CitationDownload as .RIS
Emerald Group Publishing Limited
Copyright © 2012, Emerald Group Publishing Limited
Article Type: Editorial From: Journal of Enterprise Information Management, Volume 25, Issue 5.
It gives us great pleasure to welcome our readers to the fifth issue of the 25th volume of Journal Enterprise Information Management (JEIM), and express our appreciation to them for their continuous support during the past year. The continuous update of the journal's scope to promote theory and practice has led to an increase in submissions that has allowed us to further the quality of the journal. This issue incorporate excellent “quality” submissions that focus on providing a mixture of conjectural and practical contributions.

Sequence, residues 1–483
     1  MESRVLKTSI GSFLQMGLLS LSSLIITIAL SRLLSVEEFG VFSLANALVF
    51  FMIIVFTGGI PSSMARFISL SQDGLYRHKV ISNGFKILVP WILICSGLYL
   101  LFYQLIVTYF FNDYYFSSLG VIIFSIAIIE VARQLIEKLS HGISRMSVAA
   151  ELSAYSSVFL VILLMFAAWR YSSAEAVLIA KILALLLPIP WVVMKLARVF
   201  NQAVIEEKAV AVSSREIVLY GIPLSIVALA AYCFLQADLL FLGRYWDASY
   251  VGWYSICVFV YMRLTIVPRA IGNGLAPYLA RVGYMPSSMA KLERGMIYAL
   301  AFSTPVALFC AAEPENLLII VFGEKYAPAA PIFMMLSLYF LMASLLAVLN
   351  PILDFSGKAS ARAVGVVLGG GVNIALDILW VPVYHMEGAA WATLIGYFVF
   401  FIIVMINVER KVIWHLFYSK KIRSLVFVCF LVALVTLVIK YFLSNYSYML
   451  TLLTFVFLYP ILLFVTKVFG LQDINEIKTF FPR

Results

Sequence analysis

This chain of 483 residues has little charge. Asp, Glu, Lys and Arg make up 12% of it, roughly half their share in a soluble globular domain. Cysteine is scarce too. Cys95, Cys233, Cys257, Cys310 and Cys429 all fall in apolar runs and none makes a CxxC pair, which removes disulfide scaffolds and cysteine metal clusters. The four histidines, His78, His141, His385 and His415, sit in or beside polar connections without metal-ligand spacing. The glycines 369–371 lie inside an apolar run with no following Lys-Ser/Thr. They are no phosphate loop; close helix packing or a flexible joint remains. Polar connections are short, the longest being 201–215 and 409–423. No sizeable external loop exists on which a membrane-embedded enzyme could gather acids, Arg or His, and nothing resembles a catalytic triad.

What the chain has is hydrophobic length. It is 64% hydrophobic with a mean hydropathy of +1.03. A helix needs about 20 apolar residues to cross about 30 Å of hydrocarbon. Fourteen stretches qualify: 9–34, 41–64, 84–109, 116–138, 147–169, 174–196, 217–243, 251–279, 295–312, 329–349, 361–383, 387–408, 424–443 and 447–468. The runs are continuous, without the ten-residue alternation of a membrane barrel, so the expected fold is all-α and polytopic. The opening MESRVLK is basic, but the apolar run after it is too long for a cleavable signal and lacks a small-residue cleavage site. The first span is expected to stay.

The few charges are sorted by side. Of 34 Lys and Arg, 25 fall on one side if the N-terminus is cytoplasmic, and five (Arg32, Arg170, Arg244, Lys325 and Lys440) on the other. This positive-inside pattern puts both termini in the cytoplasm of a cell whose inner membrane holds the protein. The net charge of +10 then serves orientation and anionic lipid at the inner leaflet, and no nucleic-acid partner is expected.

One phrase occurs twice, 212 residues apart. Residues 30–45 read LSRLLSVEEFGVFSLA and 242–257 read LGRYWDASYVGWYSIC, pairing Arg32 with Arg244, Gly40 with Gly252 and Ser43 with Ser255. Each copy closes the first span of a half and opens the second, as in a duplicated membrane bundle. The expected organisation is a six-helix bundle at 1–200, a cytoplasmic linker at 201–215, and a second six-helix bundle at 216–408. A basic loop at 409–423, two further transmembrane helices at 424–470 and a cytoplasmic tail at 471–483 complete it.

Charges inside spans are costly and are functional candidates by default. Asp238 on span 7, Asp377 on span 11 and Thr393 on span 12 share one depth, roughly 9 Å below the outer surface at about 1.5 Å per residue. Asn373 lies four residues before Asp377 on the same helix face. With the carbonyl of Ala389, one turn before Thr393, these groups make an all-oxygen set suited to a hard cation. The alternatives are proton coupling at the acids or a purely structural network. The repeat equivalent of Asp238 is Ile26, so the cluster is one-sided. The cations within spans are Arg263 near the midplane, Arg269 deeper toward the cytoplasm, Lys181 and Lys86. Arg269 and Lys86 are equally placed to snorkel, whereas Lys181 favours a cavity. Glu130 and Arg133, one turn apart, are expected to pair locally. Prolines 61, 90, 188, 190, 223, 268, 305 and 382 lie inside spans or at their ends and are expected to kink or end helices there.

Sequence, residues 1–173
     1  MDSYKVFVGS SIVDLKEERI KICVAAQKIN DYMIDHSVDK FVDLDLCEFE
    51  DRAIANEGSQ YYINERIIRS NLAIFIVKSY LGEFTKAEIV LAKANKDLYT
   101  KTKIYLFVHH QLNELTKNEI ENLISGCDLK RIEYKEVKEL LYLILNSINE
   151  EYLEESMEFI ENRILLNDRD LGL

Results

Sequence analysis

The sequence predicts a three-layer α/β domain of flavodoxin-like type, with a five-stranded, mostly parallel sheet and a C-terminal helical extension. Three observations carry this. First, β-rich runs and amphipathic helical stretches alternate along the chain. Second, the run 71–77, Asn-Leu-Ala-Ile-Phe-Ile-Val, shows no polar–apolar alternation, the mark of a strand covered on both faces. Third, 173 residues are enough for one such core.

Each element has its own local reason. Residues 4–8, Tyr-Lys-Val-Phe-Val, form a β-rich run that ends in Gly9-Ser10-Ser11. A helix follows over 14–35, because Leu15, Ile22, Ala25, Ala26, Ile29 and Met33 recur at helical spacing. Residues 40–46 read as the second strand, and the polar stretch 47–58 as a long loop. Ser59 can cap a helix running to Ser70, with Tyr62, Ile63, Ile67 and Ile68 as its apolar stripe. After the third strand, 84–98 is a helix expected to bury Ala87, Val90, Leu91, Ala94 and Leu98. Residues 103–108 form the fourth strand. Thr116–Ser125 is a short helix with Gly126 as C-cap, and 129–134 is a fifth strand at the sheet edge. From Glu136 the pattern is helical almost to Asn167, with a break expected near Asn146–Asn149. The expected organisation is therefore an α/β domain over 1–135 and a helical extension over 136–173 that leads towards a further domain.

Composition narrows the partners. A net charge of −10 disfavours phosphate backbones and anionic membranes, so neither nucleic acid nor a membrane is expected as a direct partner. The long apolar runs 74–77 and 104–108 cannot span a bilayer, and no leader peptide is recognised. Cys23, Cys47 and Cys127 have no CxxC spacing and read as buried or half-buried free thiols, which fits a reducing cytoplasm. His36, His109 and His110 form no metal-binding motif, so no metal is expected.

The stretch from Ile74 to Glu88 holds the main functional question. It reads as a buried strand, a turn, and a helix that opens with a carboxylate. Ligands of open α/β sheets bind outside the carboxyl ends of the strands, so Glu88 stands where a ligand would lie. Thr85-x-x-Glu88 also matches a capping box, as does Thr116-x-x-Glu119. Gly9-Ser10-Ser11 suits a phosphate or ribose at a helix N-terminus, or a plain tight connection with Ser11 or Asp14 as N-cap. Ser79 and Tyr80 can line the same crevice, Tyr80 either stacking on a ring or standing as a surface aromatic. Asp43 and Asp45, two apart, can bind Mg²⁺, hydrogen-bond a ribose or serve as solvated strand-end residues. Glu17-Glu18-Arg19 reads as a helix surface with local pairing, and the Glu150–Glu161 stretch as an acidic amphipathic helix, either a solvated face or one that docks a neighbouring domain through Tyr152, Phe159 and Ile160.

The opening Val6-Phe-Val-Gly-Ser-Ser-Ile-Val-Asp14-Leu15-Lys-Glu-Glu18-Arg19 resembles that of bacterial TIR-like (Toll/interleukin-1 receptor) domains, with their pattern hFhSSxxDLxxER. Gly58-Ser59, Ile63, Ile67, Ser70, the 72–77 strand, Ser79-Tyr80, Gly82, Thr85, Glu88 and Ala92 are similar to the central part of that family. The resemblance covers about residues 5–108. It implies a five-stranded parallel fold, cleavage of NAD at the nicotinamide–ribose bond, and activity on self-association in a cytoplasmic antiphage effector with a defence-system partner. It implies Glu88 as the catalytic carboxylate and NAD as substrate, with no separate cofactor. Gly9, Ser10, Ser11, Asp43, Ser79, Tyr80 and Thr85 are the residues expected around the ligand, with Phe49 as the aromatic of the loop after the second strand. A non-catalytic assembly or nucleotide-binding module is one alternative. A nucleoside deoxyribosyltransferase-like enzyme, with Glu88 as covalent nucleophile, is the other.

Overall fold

The fifth issue of Volume 25 commences with a viewpoint by Muhammad Mustafa Kamal, entitled “Shared services: lessons from private sector for public sector domain”. In this viewpoint the author analyses the implementation of shared services models in business enterprises or private sector and the benefits realized. Thereafter, focusses on the lessons learnt from such operations and exploring the potential of applying similar models in the public sector. In this viewpoint, the author attempts to examine whether or not the concepts regarding shared service in private sector are valid and applicable in public sector. The author, however, argues that even though shared services concept and related models are significantly prevalent across the business enterprises or private sector and government sector, the author argues that shared services model developed in the private sector may further significantly facilitate governments and public agencies in dealing with the recent changes (i.e. due to global financial crisis) in their environments to become more effective and efficient. The author asserts that this paper brings together some of the key discussions from the business and private sector on shared services and discusses their applicability in the public sector context.